A look at an Iris alumna: A student-athlete’s experience at the Women’s Center

Story by: Emily Lloyd, Class of 2014

Emily Lloyd graduationI have been a U.Va. alumna for all of three months now, and to say that I miss the University and everyone I met there is a gigantic understatement. However, life must go on, and I am excited to say that I am about to start a journey that would have never been possible without U.Va. and without the Women’s Center.

Starting this September, I am moving to New Hampshire to work as an AmeriCorps legal advocate at a domestic violence shelter in Nashua. It is a job that sounds to me like my dream job some days, yet absolutely terrifying others. I have no idea what to expect when I get up there, but I like that. I am tired of a schedule consumed with classes, studying, writing papers and swimming. I am ready to finally put my knowledge to use in a way I believe will further not only the Women’s Center’s mission of creating change but also my own personal mission to raise awareness about sexual and domestic violence. Looking back on my work with the Women’s Center, and with Iris in particular, I am now realizing how vast an impact this organization had on my collegiate life as well as my life after graduation.

As a collegiate athlete, I had a very different experience at the Women’s Center than most interns and employees. Coming into college, my job seemed simple: pass classes and focus on swimming. However, I soon realized that a life revolving around athletics was not all it was made out to be. Swimming is a stressful sport, both physically and emotionally, and I desperately needed an outlet. So, I buried myself in my schoolwork and found comfort in my major, Women Gender and Sexuality. As I furthered my passion for advocacy through my studies, I discovered opportunities, in addition to athletics, that U.Va. has to offer.

Working at the Women’s Center under the Iris staff as well as participating in the Young Women Leaders Program was one of the best decisions I ever made and truly helped me discover myself in college. The Center helped me realize that there is so much more to life than swimming, and I needed that. I still loved swimming, and I loved incorporating athletics into my work with Iris. I was able to plan Iris’ “Bad A** Women in Sports” event last fall, as well as write articles about my team and other U.Va. athletes, and I even convinced some of my little sisters in YWLP to come to one of my swim meets! I will always be thankful to my coworkers and supervisors for allowing me to connect my two worlds.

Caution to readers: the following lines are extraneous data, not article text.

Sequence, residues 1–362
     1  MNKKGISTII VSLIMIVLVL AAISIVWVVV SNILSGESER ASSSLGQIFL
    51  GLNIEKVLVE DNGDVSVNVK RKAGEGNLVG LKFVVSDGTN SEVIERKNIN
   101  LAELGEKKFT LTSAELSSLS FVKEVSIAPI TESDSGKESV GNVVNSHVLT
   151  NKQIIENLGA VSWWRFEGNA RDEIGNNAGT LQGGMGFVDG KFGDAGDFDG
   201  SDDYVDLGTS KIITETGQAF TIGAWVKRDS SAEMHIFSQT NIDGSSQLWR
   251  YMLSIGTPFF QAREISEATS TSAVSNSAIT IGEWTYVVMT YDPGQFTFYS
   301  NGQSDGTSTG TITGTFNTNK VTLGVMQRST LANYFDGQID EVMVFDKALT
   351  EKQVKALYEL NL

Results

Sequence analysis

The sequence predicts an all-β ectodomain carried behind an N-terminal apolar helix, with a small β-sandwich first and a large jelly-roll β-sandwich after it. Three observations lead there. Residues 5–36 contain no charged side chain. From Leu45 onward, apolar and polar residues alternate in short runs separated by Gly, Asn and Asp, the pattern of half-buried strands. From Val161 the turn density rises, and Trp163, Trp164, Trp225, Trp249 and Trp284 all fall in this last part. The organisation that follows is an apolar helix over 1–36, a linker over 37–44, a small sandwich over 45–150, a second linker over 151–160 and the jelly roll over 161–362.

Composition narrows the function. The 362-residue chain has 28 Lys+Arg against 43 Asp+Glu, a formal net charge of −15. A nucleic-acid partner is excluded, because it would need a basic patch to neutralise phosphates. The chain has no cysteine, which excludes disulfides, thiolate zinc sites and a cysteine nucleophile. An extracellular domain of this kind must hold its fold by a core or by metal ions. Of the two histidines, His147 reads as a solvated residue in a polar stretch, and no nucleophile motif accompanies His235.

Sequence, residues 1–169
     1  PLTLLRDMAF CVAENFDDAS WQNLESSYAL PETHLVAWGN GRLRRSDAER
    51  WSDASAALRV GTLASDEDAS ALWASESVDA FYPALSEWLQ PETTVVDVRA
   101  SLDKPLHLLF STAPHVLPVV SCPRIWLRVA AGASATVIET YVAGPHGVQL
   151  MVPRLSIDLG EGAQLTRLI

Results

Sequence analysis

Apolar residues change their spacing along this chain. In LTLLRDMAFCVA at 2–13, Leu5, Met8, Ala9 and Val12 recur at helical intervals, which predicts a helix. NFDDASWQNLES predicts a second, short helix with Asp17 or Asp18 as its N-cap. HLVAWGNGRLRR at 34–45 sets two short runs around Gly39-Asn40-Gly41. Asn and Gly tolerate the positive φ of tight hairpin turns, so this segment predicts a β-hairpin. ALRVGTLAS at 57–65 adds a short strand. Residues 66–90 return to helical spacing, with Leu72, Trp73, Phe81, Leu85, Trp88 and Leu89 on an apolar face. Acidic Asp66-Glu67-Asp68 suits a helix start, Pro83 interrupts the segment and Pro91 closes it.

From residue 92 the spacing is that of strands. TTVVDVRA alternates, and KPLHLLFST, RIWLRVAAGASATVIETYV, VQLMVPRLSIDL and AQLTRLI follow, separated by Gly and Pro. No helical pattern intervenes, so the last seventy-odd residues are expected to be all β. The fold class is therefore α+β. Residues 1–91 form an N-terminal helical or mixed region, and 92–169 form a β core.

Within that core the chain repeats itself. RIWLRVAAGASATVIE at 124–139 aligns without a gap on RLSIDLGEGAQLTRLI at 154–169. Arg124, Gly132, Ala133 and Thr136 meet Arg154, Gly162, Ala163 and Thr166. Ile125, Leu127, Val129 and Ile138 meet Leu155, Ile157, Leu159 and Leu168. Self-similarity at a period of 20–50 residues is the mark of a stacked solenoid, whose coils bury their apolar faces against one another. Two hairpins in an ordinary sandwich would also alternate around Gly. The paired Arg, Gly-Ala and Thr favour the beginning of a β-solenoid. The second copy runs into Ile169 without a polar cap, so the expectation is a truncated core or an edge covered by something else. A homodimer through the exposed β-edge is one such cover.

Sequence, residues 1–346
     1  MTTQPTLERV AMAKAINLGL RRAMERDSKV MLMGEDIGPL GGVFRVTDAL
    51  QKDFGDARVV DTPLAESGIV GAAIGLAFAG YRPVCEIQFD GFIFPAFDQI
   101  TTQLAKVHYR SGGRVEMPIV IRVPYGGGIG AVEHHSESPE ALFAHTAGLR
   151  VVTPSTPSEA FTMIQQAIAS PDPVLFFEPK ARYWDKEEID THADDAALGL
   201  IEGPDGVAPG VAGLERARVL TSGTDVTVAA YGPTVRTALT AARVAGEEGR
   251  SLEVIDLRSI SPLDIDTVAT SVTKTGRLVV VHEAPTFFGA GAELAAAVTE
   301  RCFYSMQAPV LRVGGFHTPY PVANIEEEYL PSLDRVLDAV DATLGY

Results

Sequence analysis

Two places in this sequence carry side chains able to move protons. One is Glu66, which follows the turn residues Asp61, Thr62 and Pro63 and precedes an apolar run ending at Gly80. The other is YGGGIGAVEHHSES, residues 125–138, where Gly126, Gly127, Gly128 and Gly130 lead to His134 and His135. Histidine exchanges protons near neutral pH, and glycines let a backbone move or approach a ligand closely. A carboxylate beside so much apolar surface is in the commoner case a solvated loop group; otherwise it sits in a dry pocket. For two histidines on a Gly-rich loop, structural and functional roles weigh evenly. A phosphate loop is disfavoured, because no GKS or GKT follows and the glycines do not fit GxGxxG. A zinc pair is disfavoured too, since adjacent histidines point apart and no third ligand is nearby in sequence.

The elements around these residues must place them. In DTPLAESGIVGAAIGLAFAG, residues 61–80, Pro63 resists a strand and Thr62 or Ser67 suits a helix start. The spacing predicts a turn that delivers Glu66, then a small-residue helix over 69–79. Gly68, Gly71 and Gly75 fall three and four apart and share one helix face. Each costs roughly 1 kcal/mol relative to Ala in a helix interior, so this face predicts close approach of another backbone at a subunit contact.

When comparing the swimming world to my work at the Women’s Center, I realized how small of a role swimming would play in my future and how I truly wanted to dedicate my future to advocacy. Any collegiate sport, especially at a division 1 level, is intense. To some people, swimming is a job. But when I compare the nerves I had before a big race, it will be nothing compared to those I will have upon meeting my first sexual violence survivor in the upcoming months.

Working at the Center gave me the opportunity to meet new people with stories so different from my own, and it really opened my eyes to what’s truly important in life and how incredibly lucky I have been to have a support system of family, friends, teammates and coaches that a lot of people lack. The Women’s Center and Iris played a huge role in why I chose to work for AmeriCorps in sexual and domestic violence advocacy. It will always be a defining piece to my college years and I am excited to use my experience there in the future!

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The story behind ‘Pretty in Pink’ —Interview with Mary Nilan


Breast Cancer 2

Photo courtesy of Mary Nilan
U.Va. fourth-year student Mary Nilan poses with mother, Mary Ann Wasil, founder of the Get In Touch Foundation at a brunch in California.

Fourth year UVa religious studies major Mary Nilan was in middle school when her mother, Mary Ann Wasil, was first diagnosed with breast cancer. Interestingly enough, Mary Ann essentially ignored a negative mammogram and a radiologist’s advice during the process of her diagnosis until a surgeon diagnosed her with stage two breast cancer.